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APA 6th Edition Referencing: Formatting

This is a Wintec guide to help you with referencing in the American Psychological Association (APA) style.

Referencing

APA referencing consists of two parts:

  1. An in-text citation within your assignment
  2. A full entry in the reference list at the end of your assignment

Reference List

At the end of your assignment, you are required to provide full reference information for each source you have used. Reference lists give full information about the printed and electronic sources referred to in your writing so that your reader is able to locate the sources you used. 

The items in your reference list need to be: 

  • In alphabetical order, by the author/producer’s surname, in the order they appear on the title page
  • Combined in one list—do not separate different types of sources
  • In correct format (brackets, punctuation, capital letters, italics, etc.) as in the examples in this guide. This includes underlining all URLs so they are active hyperlinks.
  • In ‘hanging indent’ format 
  • Checked with your department for their preferred line spacing

Remember, be consistent!

How do I format the reference list?

For APA referencing, the reference list at the end of your assignment needs to be single-spaced. Each reference needs to have a hanging indent with a single line spacing between each reference, as shown below:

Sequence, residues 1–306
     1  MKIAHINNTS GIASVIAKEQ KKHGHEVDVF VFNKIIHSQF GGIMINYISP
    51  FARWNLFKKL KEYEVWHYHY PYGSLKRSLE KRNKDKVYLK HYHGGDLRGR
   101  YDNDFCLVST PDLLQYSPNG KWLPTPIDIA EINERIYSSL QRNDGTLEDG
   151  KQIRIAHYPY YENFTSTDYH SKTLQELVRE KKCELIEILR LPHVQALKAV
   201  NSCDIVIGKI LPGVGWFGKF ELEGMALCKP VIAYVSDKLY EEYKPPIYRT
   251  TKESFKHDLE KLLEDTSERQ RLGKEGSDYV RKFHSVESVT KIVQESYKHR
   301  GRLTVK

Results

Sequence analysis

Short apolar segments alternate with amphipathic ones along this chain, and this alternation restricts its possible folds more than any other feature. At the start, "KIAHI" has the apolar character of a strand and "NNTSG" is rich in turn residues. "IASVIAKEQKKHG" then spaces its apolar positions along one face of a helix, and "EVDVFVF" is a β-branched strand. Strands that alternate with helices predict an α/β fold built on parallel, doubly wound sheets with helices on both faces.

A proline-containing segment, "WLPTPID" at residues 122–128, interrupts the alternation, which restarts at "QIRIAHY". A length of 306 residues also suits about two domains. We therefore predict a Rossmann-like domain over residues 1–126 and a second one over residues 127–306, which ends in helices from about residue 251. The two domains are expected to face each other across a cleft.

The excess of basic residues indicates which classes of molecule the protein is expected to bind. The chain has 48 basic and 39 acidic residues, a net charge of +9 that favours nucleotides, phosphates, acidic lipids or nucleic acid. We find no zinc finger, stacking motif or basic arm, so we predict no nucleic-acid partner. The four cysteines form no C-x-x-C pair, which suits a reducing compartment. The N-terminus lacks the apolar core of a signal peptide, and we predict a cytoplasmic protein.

Hales, M. (2012). Community health nursing. In A. Berman, S. Snyder, B. Kozier, G. Erb, T. Levett- Jones, T. Dwyer,…D. Stanley (Eds.), Kozier and Erb’s fundamentals of nursing (1st Australian ed., Vol. 2, pp. 123-132). Frenchs Forest, Australia: Pearson.

Hubbard, J., Thomas, C., & Varnham, S. (2010). Principles of law for New Zealand business students (4th ed.). Auckland, New Zealand: Pearson.

Stulz, J. (2006). Integrating exposure therapy and analytic therapy in trauma treatment. American Journal of Orthopsychiatry, 76(4), 482-488. doi:10.1037/0002-9432.76.4.482

Steps to format your reference list

  1. Enter your APA references and organise them alphabetically.                  
  2. Highlight them with your mouse.
  3. In Word, click the arrow in the bottom right hand corner of the Paragraph box

  4. This opens up an options box. Select Hanging from the drop-down box under Indentation – Special.

  5. Select Single from the drop-down box under Line spacing.
    Note: Check with your tutor what line spacing they prefer.

  6. Click OK.

  7. Alternatively, you can highlight your whole reference list and then press [Ctrl] + [t] (Windows) / [Command] + [t] (Mac) and this should create a hanging indent for you.

What is the difference between a bibliography and reference list?

A bibliography is a list of all sources used while researching for an assignment. A reference list is ONLY the sources that were included in the assignment, either as direct quotations or paraphrases. Tutors usually only require a reference list.

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